To discuss “every sound there is,” Beatles enthusiasts converged on Rosemont, Illinois for the 36th annual Fest for Beatles Fans. From August 10-12, 2012, Beatles experts, musicians, and enthusiasts gathered at the Hyatt Regency O’Hare to celebrate the Fab Four through panels, “Battle of the Bands” contests, and much more.
Highlights included an interesting panel of special guests: Freda Kelly, official (and original) Beatles Fan Club secretary for ten years; Tom Scott, the legendary horn player who has performed with Paul McCartney, George Harrison, and Ringo Starr; Ken Scott, former Beatles recording engineer; and Mark Hudson, Starr’s former producer and hit songwriter. A last-minute addition, former Wings guitarist Laurence Juber subbed for an ailing Spencer Davis, who canceled due to bronchial pneumonia.
Seemingly humbled by the attention, Kelly discussed her affection for the band with interviewer Martin Lewis. The audience emitted gasps when she revealed that she had saved all the original fan club newsletters. While she is currently the subject of a documentary, Good Ol’ Freda, Kelly stated that she does not plan on writing a memoir. After Martin tried persuading her to reconsider, she replied that she values the Beatles’ privacy, and that the surviving members have changed so much over the years that she would not feel comfortable disclosing their pasts.
[SOMETHING ELSE! INTERVIEW: Laurence Juber discusses his time as Wings’ guitarist, likening it to graduating from “McCartney University,” then the journey to becoming a solo guitar virtuoso.]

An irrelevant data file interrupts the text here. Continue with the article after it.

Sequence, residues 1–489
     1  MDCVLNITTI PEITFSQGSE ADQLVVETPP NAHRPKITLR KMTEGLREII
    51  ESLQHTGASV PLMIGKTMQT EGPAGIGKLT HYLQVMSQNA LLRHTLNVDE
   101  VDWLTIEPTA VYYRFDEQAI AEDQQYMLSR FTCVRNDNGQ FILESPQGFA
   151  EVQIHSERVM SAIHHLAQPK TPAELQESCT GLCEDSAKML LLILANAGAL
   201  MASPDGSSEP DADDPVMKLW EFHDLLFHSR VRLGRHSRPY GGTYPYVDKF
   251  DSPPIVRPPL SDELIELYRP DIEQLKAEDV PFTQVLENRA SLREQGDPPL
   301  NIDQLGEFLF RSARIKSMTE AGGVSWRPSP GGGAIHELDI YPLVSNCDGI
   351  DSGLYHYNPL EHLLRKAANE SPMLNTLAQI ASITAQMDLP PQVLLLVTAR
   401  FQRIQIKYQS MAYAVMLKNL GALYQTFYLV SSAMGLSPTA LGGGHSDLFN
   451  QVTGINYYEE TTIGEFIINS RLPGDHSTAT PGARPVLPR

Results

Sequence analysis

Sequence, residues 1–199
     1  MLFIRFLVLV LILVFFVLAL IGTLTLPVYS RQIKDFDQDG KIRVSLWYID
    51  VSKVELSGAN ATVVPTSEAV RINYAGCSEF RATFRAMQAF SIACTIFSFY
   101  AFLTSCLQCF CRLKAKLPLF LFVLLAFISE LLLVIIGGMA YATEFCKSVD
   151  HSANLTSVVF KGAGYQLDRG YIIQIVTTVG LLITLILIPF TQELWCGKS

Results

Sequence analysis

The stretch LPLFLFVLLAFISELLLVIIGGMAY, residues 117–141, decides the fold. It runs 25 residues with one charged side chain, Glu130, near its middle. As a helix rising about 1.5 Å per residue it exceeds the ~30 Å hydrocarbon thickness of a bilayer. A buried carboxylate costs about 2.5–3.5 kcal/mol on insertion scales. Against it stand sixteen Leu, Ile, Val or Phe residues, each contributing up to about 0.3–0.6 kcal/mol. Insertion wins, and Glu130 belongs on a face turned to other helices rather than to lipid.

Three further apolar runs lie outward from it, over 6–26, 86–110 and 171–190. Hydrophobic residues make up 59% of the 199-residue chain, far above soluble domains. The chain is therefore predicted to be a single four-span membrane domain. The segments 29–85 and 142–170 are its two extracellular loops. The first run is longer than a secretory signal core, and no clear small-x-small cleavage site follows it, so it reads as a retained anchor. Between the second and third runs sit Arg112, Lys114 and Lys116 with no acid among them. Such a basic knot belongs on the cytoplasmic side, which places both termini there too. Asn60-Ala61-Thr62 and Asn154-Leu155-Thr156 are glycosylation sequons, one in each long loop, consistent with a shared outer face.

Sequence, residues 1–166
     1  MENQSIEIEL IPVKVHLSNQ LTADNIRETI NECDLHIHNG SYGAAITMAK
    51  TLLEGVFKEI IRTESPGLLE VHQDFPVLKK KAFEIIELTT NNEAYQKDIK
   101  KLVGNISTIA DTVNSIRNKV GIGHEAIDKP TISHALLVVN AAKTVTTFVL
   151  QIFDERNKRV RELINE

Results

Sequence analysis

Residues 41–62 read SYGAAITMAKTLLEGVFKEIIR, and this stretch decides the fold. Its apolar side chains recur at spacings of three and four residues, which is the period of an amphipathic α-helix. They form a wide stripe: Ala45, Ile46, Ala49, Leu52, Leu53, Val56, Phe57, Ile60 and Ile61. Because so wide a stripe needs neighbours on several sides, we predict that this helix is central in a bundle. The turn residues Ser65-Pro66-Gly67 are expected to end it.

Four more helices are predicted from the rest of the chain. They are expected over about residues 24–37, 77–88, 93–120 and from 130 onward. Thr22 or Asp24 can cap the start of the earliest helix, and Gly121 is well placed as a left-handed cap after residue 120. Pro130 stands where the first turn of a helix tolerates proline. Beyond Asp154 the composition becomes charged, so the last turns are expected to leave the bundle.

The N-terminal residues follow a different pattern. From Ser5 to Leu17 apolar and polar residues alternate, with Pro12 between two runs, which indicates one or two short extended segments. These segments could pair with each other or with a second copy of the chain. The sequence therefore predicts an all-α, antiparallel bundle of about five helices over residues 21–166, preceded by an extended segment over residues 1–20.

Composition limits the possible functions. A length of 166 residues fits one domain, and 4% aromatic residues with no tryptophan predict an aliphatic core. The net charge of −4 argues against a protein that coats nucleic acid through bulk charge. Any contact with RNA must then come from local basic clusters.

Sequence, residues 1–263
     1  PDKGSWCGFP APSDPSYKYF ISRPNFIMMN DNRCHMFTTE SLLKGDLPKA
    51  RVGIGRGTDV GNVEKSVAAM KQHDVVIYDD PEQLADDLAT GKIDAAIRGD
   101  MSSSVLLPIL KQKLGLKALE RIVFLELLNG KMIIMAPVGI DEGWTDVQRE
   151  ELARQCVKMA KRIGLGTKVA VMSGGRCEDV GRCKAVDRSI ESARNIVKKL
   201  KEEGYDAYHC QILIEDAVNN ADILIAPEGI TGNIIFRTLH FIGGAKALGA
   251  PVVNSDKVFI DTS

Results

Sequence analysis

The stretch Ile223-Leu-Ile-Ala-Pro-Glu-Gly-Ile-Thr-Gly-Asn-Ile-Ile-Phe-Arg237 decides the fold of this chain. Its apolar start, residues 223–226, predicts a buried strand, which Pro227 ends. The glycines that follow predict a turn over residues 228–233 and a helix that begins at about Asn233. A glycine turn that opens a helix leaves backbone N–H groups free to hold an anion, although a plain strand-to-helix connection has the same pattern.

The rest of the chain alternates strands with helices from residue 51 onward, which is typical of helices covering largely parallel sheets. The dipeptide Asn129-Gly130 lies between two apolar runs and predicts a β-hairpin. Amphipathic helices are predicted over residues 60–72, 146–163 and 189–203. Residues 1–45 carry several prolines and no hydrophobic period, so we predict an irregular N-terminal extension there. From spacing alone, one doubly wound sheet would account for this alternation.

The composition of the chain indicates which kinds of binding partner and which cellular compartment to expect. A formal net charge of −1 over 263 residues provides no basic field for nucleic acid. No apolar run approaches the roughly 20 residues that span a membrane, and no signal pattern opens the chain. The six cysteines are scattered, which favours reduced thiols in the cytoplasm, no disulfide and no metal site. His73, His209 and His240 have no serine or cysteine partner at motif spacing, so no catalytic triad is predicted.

Sax maestro Tom Scott charmed fans with his tales of working with Harrison on Dark Horse, Extra Texture, and 33 1/3. In the mid-1970s, Scott stayed at Harrison’s Friar Park estate while playing on his albums. There Harrison screened Monty Python episodes before Python ever reached the United States. Scott recalled the two of them laughing for hours at the zany show. Later, Harrison told him about Rutland Weekend Television, which eventually evolved into the classic mockumentary The Rutles. Scott also expressed his genuine fear of “Wall of Sound” producer Phil Spector. He used to ask Harrison why he was so fond of the eccentric Spector, and got an unusual answer. Harrison explained that while he wouldn’t want to live with the man, he admired his production work for one major reason: no matter where you play one of his tracks in a house, it sounds exactly the same in every room. Still, Scott said, he avoided the “nutball” Spector at all costs.
Engineer Ken Scott dazzled the audience with his tales of working with the Beatles on Magical Mystery Tour and part of The White Album. His first track working as primary engineer: “Your Mother Should Know,” a technically complicated song that required orchestration as well as other production work. He also discussed why the drum break sounds different at points during “Glass Onion,” which he describes fully in his new book Abbey Road to Ziggy Stardust. He then demonstrated how separate tracks are layered to create one song by deconstructing Harrison’s “What Is Life.” While engineering Harrison’s album All Things Must Pass, Scott functioned as a vital editor, often omitting unnecessary extras that would otherwise clutter the songs. Anyone who wishes to learn about sound engineering should attend his lectures or pick up his memoir.